Football at this level is not just about technique, raw ability and the physical fitness needed to run 10km over 90 minutes without losing your breath.

Beaten: Joe Hart and Man City went down without a fight

Beaten: Joe Hart and Man City went down without a fight

No go: Samir Nasri appeals for a penalty

No go: Samir Nasri appeals for a penalty

All those things help, of course, but in Europe the margins are so small that the mentality, the steady nerve and, at times, the bloody-minded, stubborn belief of true winners are the qualities that can make the difference.

It also helps if you don’t make mind-numbing mistakes.

Sir Alex Ferguson’s teams — in all their various guises — have understood this for years. The United manager has refined the art of simply finding a way to win to such a degree one wonders if he bottles it.

At City there has been some progress in this area. It was there at West Bromwich on Saturday as they came from behind to steal a win. It was there on the final day of last season.

Great frailties remain, though, and now they will rue them once again.

That City began this game weighed down by pressure, for example, was due to the fact that they turned a famous win at Real Madrid last month into a damaging defeat with some calamitous late play. When opportunity beckoned, City were blinded by the lights.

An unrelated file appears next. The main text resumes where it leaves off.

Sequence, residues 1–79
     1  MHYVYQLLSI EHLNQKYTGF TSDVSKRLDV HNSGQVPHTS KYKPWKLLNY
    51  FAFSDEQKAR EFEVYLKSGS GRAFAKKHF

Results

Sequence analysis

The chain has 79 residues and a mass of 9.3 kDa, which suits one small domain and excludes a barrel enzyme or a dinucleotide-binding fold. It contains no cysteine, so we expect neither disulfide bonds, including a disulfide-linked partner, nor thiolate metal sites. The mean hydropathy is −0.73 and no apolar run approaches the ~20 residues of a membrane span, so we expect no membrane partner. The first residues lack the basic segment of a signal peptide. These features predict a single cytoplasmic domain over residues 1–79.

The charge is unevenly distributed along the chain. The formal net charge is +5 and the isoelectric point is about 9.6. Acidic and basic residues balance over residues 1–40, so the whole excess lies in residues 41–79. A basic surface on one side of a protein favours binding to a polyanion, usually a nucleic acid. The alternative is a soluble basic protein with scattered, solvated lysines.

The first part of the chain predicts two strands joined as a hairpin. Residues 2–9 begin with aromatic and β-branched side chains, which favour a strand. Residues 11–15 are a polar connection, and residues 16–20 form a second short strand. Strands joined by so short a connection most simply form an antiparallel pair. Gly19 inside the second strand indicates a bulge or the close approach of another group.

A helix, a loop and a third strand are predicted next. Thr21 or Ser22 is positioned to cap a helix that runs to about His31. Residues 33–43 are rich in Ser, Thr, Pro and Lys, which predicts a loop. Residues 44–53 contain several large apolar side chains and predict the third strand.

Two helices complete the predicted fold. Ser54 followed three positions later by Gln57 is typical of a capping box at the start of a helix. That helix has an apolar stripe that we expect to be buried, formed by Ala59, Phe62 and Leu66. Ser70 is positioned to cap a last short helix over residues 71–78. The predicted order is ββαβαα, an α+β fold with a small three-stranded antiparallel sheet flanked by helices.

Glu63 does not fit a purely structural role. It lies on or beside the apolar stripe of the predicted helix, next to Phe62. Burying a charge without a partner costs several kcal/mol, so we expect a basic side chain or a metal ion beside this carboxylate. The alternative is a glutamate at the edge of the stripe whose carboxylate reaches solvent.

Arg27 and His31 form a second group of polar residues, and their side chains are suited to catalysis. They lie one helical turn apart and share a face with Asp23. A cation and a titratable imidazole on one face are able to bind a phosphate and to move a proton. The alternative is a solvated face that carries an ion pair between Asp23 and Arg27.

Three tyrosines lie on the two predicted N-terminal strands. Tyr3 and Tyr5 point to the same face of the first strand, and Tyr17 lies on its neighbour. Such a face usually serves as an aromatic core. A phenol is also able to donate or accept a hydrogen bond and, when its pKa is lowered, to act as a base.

It is instances such as this that cause Mancini such anguish. When he talks of being ‘four yards behind United’ it sounds glib but it isn’t. He is not referring to yards on the field but in the head.

On Wednesday night, City, despite the comprehensive nature of the final score, appeared at one stage as though they were going to get things right.

Having conceded territory and possession early on, Mancini’s team scored an excellent goal against the run of play in the 22nd minute. Briefly, they had control.

The next test, though, was the big one and that was the one they failed. This was the defining part of the night, the period where most top teams — including the great United ones of yore — tend to get it right.